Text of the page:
CIT, Icahn Agree On Restructuring Plan

Billionaire investor Carl Icahn, who had challenged CIT Group Inc.’s restructuring plan, said on Oct. 30 he was now backing the company’s pre-packaged bankruptcy and would provide an additional $1 billion in credit to the lender.

CIT shares slumped almost 17 percent to 79 cents, after being halted for the news, as investors took the announcement as an indication that the pre-packaged bankruptcy plan would go ahead.

The cash-strapped commercial lender to many sponsor-backed portfolio companies said the additional credit from Icahn could be drawn as debtor-in-possession financing in the event of a bankruptcy.

Earlier that same day, CIT said it had reached an agreement for Goldman Sachs Group to reduce a $3 billion credit line to $2.125 billion but keep the line open during a bankruptcy.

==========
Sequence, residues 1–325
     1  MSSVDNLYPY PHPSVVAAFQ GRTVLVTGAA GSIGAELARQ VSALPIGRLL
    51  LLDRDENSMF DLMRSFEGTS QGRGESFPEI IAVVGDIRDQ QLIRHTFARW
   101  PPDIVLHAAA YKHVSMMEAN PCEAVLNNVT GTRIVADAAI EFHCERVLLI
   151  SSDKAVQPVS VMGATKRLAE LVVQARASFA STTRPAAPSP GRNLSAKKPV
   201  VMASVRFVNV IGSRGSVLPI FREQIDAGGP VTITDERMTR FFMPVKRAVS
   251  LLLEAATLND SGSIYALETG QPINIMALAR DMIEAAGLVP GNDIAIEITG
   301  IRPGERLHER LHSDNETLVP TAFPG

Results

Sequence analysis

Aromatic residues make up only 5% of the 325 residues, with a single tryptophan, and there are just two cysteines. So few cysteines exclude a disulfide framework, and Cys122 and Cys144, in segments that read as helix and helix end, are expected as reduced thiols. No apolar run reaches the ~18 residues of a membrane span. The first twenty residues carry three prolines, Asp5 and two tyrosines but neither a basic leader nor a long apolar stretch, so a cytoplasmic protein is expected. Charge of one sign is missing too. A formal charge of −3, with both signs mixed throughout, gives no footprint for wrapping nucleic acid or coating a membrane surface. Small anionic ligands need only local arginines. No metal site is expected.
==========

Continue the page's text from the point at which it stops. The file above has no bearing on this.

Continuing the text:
The century-old lender also arranged for $4.5 billion in financing earlier this week as an addition to a $3 billion loan provided in July by a group of creditors.

CIT, which has been struggling to finance itself amid the credit crunch and recession, launched a debt exchange and restructuring plan earlier this month.

That offer expired on Oct. 29, and CIT said that an independent ballot company was counting more than 150,000 investors’ votes on its restructuring plan and debt exchange.

Icahn, who claims to be the company’s largest bondholder, was not available to comment beyond his announcement. He had earlier this week criticized CIT’s restructuring plan, claiming the company’s debt would be worth more if its assets were allowed to run off under bankruptcy protection.

CIT bonds were little changed in light trading. CIT has about $65 billion in liabilities through mid-June and $800 million of debt coming due in the first week of November.

(Reporting by Elinor Comlay; additional reporting by Joseph Giannone and Walden Siew)